Goodyear and its G159 RV tires are the focus of two federal investigations attempting to sort out why the tires are prone to deadly failures at highway speeds and which Goodyear officials were involved in the company’s decision to rate the tire for higher speeds than it could handle.
Newly released court documents obtained by the auto blog Jalopnik indicate the company’s knowledge of the G159’s fatal flaws went all the way to the top and have continued with no public acknowledgment of the problem for more than a decade.
According to the court records, Goodyear billing records show that CEO Rick Kramer personally approved settlements of G159 tire failure cases as early as 2008, when he was head of the company’s North American unit. But his awareness of the problem likely went back even in further. In June 2007, Mr. Kramer was slated to meet with a Goodyear attorney to review a case involving a G159 tire failure on a Fleetwood RV that resulted in a crash killing two people.
At least 41 lawsuits have been brought against Goodyear, alleging its G159 275/70R 22.5 tires are prone to overheat, degrade, and fail when used at highway speeds. The tires have been linked to at least 10 deaths and dozens of injuries.
Driver complaints about the G159 tire have triggered the federal investigations. The National Highway Traffic Safety Administration (NHTSA) is looking into the allegations of heat-induced failures when driven at highway speeds. The U.S. Department of Transportation’s criminal investigative arm is looking at the company’s handling of the alleged problem.
NHTSA’s findings could result in potential fines of $105 million, while the probe underway by the DOT’s Office of the Inspector General could lead to criminal charges.
Goodyear made the G159 specifically for use on regional delivery trucks, which normally don’t travel great distances at higher speeds. The tires, which the company manufactured between 1996 and 2003, were safety-rated for 65 mph. About two years after Goodyear introduced the G159 tires, it sought to expand the market for them by promoting them for use on recreational vehicles – a move that would require the G159 to be rated for 75 mph.
According to Jalopnik, in one settlement request memo, company lawyers noted that test data showed the G159 tires passed Goodyear’s tests for a 65-mph rating, “but would not have satisfied Goodyear’s standard for qualifying the tire at 75 mph.”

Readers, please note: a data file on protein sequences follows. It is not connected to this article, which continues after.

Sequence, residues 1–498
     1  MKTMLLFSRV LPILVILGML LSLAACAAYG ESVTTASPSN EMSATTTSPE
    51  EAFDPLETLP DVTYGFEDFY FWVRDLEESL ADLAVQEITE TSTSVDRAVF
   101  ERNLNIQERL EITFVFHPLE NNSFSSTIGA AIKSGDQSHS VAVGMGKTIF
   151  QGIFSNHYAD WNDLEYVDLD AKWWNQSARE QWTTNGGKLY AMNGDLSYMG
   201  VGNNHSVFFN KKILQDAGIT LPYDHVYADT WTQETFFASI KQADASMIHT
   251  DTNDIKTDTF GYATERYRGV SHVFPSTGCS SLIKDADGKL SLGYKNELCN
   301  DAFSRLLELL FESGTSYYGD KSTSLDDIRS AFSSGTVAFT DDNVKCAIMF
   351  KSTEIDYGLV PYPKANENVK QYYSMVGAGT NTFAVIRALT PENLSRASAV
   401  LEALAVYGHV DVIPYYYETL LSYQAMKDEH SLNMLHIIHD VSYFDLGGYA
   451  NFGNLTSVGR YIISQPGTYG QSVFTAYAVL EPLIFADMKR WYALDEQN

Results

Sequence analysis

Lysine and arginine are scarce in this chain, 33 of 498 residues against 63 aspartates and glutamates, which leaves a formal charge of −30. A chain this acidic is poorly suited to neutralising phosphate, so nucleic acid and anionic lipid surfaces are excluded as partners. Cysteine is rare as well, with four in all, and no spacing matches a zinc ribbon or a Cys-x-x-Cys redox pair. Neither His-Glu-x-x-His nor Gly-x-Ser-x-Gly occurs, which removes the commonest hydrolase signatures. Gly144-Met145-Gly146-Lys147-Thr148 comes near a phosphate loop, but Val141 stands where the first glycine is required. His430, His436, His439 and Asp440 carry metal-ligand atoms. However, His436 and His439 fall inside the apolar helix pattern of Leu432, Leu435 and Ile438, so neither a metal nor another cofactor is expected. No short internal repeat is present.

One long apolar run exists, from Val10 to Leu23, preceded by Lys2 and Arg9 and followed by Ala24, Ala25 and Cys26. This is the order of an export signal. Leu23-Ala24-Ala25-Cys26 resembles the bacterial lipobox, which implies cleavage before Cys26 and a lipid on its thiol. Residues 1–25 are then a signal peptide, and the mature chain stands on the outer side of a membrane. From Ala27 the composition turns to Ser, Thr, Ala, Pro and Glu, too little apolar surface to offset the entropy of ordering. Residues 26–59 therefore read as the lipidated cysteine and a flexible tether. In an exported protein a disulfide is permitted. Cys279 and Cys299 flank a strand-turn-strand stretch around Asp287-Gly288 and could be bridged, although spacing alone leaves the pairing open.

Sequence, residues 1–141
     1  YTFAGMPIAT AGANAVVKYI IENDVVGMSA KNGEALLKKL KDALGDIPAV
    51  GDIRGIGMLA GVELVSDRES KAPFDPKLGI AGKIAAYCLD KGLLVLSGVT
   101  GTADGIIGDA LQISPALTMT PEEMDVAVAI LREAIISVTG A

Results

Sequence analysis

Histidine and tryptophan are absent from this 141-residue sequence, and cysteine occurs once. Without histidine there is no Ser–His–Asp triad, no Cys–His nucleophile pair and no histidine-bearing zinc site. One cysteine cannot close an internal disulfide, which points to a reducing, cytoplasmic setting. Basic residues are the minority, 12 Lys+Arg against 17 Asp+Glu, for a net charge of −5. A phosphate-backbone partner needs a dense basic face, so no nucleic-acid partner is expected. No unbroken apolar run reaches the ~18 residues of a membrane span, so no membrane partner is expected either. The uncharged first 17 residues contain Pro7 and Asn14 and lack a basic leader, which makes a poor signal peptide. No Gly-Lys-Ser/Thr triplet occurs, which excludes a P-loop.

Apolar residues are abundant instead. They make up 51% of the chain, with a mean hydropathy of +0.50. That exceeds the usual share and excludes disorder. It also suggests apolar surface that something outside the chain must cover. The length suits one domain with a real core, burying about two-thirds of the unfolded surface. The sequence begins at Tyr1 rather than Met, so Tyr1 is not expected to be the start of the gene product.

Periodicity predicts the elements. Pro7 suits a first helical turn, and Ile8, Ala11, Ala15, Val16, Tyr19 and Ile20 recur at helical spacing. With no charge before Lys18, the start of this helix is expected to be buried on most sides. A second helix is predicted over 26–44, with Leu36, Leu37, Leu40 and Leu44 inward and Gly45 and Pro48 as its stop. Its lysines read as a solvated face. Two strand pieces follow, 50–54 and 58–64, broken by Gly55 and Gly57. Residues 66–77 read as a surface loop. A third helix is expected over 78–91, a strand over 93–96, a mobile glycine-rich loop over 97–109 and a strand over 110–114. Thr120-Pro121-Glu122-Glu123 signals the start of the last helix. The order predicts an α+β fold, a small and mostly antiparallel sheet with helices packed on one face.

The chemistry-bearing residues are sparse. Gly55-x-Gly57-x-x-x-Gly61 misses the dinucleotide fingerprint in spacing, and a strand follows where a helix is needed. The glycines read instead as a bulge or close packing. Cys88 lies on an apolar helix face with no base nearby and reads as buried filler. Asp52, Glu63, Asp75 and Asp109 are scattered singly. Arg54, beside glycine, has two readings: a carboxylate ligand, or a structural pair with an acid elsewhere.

Later tests the company conducted showed the G159 could rate at 75 mph, but many experts, including Goodyear engineers, had previously warned that the tires would be prone to heat-induced failure at the temperatures they registered during tests at that speed.
Nevertheless, Goodyear decided to increase the G159’s rating to 75 mph in 1998. Claims alleging blowouts, tread separations, and serious crashes in RVs with the tires rocketed after Goodyear promoted the tires for those vehicles.
Court records also show Goodyear worked aggressively to settle G159 lawsuits. The company secured settlements in nearly every case, Jalopnik noted, allowing it to shield the problem from public view and bar plaintiffs from sharing information with NHTSA regulators.
But despite its own internal concerns about the tires, Goodyear’s defense strategy has been to blame the RV drivers for G159 separations and blowouts.
According to Jalponik, “Goodyear’s argument in case after case has been that user-error is to blame for the accidents — overloading the vehicle, under-inflated tires, vehicle speeds, road hazards.”
Approximately 40,000 G159 tires ended up on RVs made by 19 different RV manufacturers. Despite the mounting reports of tire failures and crashes, Goodyear never recalled the G159. Records obtained by lawyers indicate that many of the dangerous tires remain in use.